Dr. Wilczek’s claim attracted quite a bit of attention, and even more skepticism, due in no small part to a perceived similarity to the concept of a perpetual motion machine. And critics’ intuition was proved correct with a 2015 paper proving that time crystals, as described, were in fact too good to be true.

Nevertheless, the idea refused to die out, and three papers last year found a loophole: crystal-like behavior could theoretically exist in a system that receives periodic nudges and never settles down into a ground-state equilibrium. These nudges would take the form of a “drive,” something like a cubicle dweller who manually swings the ball bearings back and forth to keep the toy going.

A team at the University of Maryland achieved just such a setup with what Norman Yao of U.C. Berkeley called a “bridge between the theoretical idea and the experimental implementation.” They linked ten ytterbium atoms with interacting electron spins, and periodically hit them with lasers to create a “repetitive pattern of spin flipping.” What sets this atomic system apart from the person-pushed ball bearing system is that the resulting flipping pattern repeated itself at a faster multiple of the nudge period.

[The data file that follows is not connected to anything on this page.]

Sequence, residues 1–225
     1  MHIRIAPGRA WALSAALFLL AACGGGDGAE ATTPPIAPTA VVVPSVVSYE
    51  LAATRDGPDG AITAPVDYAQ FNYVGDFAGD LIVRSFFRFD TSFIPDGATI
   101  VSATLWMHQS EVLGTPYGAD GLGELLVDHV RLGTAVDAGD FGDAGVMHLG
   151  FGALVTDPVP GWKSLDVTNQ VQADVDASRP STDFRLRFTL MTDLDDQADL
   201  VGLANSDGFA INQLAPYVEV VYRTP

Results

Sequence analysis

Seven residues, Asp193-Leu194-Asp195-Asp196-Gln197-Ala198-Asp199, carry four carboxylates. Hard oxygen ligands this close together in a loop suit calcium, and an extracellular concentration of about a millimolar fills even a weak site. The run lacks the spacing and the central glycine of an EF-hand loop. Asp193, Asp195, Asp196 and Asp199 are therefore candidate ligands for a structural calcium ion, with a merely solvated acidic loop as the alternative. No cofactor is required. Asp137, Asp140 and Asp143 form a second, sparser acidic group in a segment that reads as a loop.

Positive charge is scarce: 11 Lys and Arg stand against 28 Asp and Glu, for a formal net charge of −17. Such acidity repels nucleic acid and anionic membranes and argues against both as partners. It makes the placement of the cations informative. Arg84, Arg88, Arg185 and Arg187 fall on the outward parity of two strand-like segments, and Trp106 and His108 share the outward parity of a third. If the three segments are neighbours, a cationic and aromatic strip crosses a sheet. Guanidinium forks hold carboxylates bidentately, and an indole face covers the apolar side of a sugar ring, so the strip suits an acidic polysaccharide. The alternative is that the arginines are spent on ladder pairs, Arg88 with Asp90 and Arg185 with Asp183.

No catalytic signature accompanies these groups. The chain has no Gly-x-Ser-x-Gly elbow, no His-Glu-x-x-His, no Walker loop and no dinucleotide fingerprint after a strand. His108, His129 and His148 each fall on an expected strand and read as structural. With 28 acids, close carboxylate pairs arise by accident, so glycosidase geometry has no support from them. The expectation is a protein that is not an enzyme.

Dr. Yao likens the repeated flipping of time crystals to Jell-O being jiggled by regular tapping. “Wouldn’t it be super weird if you jiggled the Jell-O and found that somehow it responded at a different period?” he said in a press release. “But that is the essence of the time crystal. You have some periodic driver that has a period ‘T’, but the system somehow synchronizes so that you observe the system oscillating with a period that is larger than ‘T’.”

As Vedika Khemani, a junior fellow at the Harvard Society of Fellows, explains to The Christian Science Monitor, “The idea is that while the system doesn't absorb any net energy from the drive, the drive is needed to keep the system ‘tickled’ and prevent it from relaxing.”

A Harvard team generated similar behavior with a completely different system a month later, confirming that the physicists had broken new experimental ground.

“This is a new phase of matter, period, but it is also really cool because it is one of the first examples of non-equilibrium matter,” Yao said. “For the last half-century, we have been exploring equilibrium matter, like metals and insulators. We are just now starting to explore a whole new landscape of non-equilibrium matter.”